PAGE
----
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kernel versions & ipkg

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  • Mike (mwester)
    Seems to be a bit of a problem. Methinks ipkg is pulling the wrong kernel modules because there s a naming/numbering convention clash. Kernel is
    Message 1 of 1 , Jan 1, 2007
      Seems to be a bit of a problem. Methinks ipkg is pulling the wrong kernel
      modules because there's a naming/numbering convention clash. Kernel is
      2.6.19-r1.647; the module is copied directly from the deploy/ipk directory:

      root@grouch:~$ ipkg install ./kernel-module-nfsd_2.6.19-r1.647_ixp4xxle.ipk
      Installing kernel-module-nfsd (2.6.19-rc6-r1.591) to root...
      Installing kernel-module-exportfs (2.6.19-rc6-r1.591) to root...
      Configuring kernel-module-exportfs
      Configuring kernel-module-nfsd

      Note that ipkg "graciously" decided NOT to install the kernel module I so
      carefully copied over, but instead gratuitously decided to download the
      older one from 2.6.19-rc6 (!!). I've repeated with various ipkg options,
      but no amount of trying will convince this recalcitrant program the
      2.6.19-r1.647 is more recent than 2.6.19-rc6-r1.591. Bummer.

      Some analysis follows:

      The kernel version progression appends "-rc#" for release candidates,


      When SlugOS is built, the kernel naming convention appends the string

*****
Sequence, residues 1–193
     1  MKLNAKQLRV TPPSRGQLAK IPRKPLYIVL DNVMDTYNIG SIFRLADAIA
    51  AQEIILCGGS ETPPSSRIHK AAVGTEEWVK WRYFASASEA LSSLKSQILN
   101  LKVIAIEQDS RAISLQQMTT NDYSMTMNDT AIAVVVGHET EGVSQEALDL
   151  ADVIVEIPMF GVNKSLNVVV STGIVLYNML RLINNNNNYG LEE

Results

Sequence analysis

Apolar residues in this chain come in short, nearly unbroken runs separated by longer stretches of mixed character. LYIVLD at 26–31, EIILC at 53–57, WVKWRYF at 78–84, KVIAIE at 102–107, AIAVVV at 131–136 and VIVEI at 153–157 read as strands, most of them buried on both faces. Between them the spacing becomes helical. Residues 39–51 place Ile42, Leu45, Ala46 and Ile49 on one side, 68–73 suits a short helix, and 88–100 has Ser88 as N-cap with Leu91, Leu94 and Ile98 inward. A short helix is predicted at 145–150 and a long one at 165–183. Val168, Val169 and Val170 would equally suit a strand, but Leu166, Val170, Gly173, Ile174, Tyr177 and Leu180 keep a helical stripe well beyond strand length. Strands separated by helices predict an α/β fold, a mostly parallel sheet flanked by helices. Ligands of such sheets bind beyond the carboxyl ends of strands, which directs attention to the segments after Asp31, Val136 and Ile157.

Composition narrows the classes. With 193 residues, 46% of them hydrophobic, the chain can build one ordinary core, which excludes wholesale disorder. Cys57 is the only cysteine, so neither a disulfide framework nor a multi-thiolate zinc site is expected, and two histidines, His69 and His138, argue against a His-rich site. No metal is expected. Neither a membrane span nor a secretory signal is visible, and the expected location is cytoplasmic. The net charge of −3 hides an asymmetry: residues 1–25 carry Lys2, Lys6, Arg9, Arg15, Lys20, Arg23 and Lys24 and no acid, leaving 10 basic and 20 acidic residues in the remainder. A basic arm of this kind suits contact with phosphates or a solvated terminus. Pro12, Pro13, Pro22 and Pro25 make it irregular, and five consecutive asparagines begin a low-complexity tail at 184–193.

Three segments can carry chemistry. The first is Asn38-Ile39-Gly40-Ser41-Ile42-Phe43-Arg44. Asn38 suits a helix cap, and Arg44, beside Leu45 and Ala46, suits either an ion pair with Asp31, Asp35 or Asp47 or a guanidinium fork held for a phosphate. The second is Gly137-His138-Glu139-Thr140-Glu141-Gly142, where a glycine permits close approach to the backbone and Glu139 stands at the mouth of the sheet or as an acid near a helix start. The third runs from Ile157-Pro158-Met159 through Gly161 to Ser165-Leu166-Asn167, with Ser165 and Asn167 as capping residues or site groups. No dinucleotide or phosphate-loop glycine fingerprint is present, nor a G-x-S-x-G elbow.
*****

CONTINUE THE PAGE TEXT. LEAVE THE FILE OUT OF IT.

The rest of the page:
"-r<n>.<m>", where <n> is a number that is incremented very infrequently,
      and <m> is the svn version number that is bumped up each time a defconfig or
      patch-related change is made. For example, here's the last build names for
      the SlugOS kernel (all of which were based on the kernel sources for


      Ok, no problem yet. Here's where things ugly creep in -- consider a build
      that was done based on a 2.6.19-rc# kernel source. Here's such a release


      Note the two "-r" strings in the release name. I think that's what is
      messing up ipkg's logic.

      Solutions? I dunno. Probably the easiest for right now is to purge the
      feeds of all -rc builds; they are obsolete, and only developers should be
      using them. I defer to the feed maintainers' wisdom on doing so, however.

      Longer-term solution: Change the naming convention. Going from "git" to
      "rc#" to the empty string is difficult to parse, so perhaps we can alter the
      release suffix so that instead of tacking on just "-r<n>.<m>" for official
      released kernels, we toss on "-rls-r<n>.<m>" -- the "rls" will sort after
      "git" and "rc#" and should resolve the issue in the future.

      What think you all?

      Mike (mwester)
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